A Beginner's Guide to ME/CFS
|Media type||print & digital|
Publisher's synopsis[edit | edit source]
(This synopsis was provided by the publisher for promotional purposes. For book reviews, please see Links section below.)
Now confirmed by the prestigious US Institute of Medicine, ME/CFS is a serious, debilitating illness, not 'all in your head', not 'somatoform' (the psychiatrists' term for 'all in your head'), not 'functional' (the neurologists' term for 'all in your head').
The IOM Report ('Myalgic Encephalomyelitis/Chronic Fatigue Syndrome - Redefining an Illness') states that this illness
1) is not psychiatric
2) is a disease
3) in which 'exertion of any kind, physical, cognitive or emotional, can adversely affect many organ systems in the body'.
The name they suggest, 'Systemic Exertion Intolerance Disease' (SEID) is intended to reflect the serious nature of the illness, which can, in its most severe form, cause the patient to become wheelchair or bedbound, suffering a multitude of symptoms, including intractable pain, for months or years.The phrase 'exertion intolerance' has the medical meaning, as stated above...exertion can cause wide-ranging physical harm.
Cognitive Behaviour Therapy (CBT) and Graded Exercise Therapy (GET) have been recommended as treatments, by psychiatrists, on the grounds that thinking we have a medical disease is a 'false belief', and that the idea that exercise will make us worse is also a 'false belief'.Now it seems that it's the psychiatrists who have the false beliefs.
No one is criticized for avoiding what makes them ill - if you have a nut allergy, you avoid nuts.If you have diabetes, you avoid sugar. We are bombarded with advice about avoiding things that cause cancer.Now we know that if we have ME/CFS, we absolutely must avoid exertion. Ramsay's insistence on rest as the first, most urgent treatment recommendation, is now seen to be justified. No longer radical, the advice in 'A Beginner's Guide to ME/CFS' offers encouragement, practical suggestions, and much praise for carers,whose help is essential to keep you on the path towards improvement.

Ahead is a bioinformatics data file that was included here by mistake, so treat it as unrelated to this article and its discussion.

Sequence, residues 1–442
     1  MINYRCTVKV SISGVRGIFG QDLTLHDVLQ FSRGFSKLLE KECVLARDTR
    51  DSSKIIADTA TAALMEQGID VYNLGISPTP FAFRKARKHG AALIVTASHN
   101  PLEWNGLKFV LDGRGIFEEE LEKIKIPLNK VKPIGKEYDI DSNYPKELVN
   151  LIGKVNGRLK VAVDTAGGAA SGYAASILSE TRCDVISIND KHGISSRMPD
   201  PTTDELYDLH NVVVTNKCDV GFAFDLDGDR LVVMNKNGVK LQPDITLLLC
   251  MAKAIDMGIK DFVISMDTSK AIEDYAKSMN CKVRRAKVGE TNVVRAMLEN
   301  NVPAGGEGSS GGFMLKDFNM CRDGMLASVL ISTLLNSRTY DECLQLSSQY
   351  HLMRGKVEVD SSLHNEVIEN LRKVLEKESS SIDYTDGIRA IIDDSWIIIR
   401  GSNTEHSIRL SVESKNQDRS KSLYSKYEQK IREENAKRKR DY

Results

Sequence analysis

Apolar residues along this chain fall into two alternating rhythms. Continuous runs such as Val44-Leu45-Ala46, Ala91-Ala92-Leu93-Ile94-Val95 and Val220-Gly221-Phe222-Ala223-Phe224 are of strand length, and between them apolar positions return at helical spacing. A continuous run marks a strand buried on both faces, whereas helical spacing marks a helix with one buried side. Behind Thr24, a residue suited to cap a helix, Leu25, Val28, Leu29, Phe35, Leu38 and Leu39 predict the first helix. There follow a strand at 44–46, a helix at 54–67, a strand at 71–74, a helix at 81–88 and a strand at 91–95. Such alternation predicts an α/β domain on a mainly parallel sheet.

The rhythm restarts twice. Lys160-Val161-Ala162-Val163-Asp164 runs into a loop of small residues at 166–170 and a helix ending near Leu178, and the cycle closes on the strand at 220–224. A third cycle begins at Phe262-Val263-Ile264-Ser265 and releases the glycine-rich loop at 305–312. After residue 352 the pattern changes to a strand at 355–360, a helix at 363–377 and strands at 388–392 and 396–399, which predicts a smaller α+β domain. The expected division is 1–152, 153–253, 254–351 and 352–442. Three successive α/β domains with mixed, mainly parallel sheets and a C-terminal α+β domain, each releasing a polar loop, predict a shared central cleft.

Links[edit | edit source]
- A Beginner's Guide to ME/CFS - Amazon (US)
- A Beginner's Guide to ME/CFS - Amazon (UK)
- A Beginner's Guide to ME/CFS - Goodreads
Learn more[edit | edit source]
- Oct 2012, Positive Health Online - A Beginner’s Guide to ME/CFS: Myalgic Encephalomyelitis, by So Many Names - Part I, Nancy Blake
- Mar 2013, Positive Health Online - A Beginner’s Guide to ME/CFS: Myalgic Encephalomyelitis, by So Many Names - Part II, Nancy Blake
References[edit | edit source]
somatic symptom disorder A psychiatric term to describe an alleged condition whereby a person's thoughts somehow cause physical symptoms. The actual existence of such a condition is highly controversial, due to a lack of scientific evidence. It is related to other psychiatric terms, such as "psychosomatic", "neurasthenia", and "hysteria". Older terms include "somatization", "somatoform disorder", and "conversion disorder". Such terms refer to a scientifically-unsupported theory that claims that a wide range of physical symptoms can be created by the human mind, a theory which has been criticized as "mind over matter" parapsychology, a pseudoscience. Although "Somatic Symptom Disorder" is the term used by DSM-5, the term "Bodily Distress Disorder" has been proposed for ICD-11. (Learn more: www.psychologytoday.com)
systemic exertion intolerance disease (SEID) - A term for ME/CFS that aims to avoid the stigma associated with the term "chronic fatigue syndrome", while emphasizing the defining characteristic of post-exertional malaise (PEM). SEID was defined as part of the diagnostic criteria put together by the Institute of Medicine (IOM) report of 10 February 2015.
graded exercise therapy (GET) - A gradual increase in exercise or activity, according to a pre-defined plan. Focuses on overcoming the patient's alleged unhelpful illness beliefs that exertion can exacerbate symptoms, rather than on reversing physical deconditioning. Considered controversial, and possibly harmful, in the treatment or management of ME. One of the treatment arms of the controversial PACE trial.